Students in the city of Mosul in northern Iraq saw their education come to a stop when ISIS took over their city. In 2017, Iraqi and American forces liberated the city but reconstruction has been painfully slow and online learning during the COVID-19 pandemic has proven difficult.
Parkour star Alireza Japalaghy's video landed him in hot water with Iranian authorities for violating public decency laws, forcing him to escape to Turkey. The possibility of extradition back to Iran has human rights activists concerned.
In 1990, Bosnian Serb forces killed about 8,000 Muslim men and boys during the Balkan conflict in what’s now known as the Srebrenica massacre. It was the worst atrocity on European soil since World War II. But 25 years on, war crimes and crimes against humanity are rarely prosecuted. David Scheffer, who was the US ambassador-at-large for war crimes issues from 1997 to 2001, explains why.
Formosa Plastics, a Taiwanese plastics company, intends to build a complex in St. James Parish, Louisiana, a region already known as "Cancer Alley." Environmental activist Anne Rolfes faces criminal charges for a protest action she took to call attention to the company's history of harm.
According to reports, senior White House officials were aware as early as the beginning of 2019 of classified intelligence indicating that Russia was secretly offering bounties to the Taliban for killing US troops. The World spoke with Mark Galeotti, a senior associate fellow at the British-based Royal United Services Institute, to get his take.
So far, no group has officially claimed responsibility for Husham al-Hashimi's death. But shortly after the news broke, a journalist who knew Hashimi said he had received WhatsApp messages from him, saying he had been threatened by a member of Kataib Hezbollah, an Iran-backed, Shiite militia.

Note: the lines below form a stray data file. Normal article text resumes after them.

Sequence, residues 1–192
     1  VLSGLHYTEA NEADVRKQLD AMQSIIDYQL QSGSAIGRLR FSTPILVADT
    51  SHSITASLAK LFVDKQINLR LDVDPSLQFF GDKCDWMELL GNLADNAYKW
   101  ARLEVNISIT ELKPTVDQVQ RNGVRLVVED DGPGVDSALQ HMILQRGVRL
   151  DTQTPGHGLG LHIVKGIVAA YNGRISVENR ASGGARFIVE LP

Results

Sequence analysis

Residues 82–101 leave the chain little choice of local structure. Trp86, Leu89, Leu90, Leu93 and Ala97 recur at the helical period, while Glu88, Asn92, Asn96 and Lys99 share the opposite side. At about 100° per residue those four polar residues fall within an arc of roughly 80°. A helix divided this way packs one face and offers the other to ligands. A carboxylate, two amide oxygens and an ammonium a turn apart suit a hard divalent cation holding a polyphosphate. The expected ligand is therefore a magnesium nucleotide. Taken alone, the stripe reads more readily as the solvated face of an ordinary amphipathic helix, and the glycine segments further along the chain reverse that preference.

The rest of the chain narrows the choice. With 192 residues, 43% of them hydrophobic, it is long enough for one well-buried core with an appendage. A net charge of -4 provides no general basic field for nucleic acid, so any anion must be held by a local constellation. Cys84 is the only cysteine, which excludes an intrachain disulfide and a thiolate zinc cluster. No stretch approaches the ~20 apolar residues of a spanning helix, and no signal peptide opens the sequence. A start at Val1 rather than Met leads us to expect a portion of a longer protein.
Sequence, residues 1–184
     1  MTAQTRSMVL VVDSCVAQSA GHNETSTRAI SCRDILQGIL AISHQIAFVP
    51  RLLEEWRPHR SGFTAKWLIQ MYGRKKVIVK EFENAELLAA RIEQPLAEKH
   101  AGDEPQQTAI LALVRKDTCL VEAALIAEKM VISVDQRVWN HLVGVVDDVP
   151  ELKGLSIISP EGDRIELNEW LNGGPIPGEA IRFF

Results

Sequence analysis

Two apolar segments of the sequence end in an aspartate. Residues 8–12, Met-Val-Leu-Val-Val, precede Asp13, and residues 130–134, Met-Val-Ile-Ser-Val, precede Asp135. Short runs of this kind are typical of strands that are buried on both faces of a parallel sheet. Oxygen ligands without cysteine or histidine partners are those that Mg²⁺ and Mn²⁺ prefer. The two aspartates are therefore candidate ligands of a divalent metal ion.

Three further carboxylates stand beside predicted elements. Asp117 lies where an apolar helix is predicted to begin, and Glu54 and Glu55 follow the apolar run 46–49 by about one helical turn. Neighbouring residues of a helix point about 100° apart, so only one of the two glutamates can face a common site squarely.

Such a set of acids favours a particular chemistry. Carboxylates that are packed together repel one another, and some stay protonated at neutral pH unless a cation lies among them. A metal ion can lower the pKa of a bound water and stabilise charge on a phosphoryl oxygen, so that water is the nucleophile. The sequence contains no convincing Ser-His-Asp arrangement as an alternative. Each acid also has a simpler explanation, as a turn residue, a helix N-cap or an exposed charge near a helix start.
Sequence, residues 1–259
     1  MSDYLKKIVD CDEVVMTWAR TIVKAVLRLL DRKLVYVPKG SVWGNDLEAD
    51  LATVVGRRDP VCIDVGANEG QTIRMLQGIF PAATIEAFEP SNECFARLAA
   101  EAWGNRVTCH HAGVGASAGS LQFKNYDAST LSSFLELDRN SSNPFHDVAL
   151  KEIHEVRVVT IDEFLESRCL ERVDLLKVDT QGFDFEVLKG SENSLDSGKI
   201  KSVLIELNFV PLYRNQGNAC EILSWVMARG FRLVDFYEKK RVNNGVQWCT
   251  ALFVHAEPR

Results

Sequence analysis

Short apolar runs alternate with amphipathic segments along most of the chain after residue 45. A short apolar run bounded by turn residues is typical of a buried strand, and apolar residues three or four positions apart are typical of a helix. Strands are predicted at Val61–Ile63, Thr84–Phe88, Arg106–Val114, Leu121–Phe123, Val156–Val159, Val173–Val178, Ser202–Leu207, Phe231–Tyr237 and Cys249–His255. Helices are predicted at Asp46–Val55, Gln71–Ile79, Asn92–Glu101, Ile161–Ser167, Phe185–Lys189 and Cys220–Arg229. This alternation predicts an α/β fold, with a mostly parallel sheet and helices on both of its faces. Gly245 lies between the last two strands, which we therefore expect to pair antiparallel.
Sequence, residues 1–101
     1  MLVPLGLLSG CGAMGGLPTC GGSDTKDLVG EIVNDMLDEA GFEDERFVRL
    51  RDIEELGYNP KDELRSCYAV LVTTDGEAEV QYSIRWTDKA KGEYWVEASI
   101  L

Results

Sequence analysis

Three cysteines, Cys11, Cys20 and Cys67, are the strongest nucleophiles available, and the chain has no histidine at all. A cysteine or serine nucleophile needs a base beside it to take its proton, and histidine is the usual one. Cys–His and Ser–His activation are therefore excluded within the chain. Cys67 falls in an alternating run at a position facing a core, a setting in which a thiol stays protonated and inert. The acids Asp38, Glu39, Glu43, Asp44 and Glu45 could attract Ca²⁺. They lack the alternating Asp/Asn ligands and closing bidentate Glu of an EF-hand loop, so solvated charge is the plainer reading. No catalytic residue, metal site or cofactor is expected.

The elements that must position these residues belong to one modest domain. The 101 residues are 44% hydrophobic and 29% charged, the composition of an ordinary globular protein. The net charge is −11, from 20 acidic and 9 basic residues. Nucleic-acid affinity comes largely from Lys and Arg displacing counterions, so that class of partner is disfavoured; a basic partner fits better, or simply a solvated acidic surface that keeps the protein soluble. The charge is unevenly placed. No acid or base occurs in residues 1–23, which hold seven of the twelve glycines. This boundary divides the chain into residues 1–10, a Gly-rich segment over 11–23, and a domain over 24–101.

Chinese students make up a third of international students in the US. Under new Trump administration rules, they will not be allowed to enter or remain in the US if their colleges and universities are online-only this fall. "America risks losing its competitive advantage," says Frank Wu, president of Queens College in New York.
As the global movement for police accountability grows, activists are looking for ways to build lasting transnational connections to sustain the fight. But solidarity across nations can get really complicated.
Why does there seem to be a global rise in illiberal laws that restrict nongovernmental organizations and civic life? Critical State's Sam Ratner looks at research on how policies that restrict civic life spread.
A new report found that Chinese surveillance of Uighurs started much earlier and is more comprehensive than previously thought. The World speaks to security researcher Apurva Kumar, one of the report's co-authors.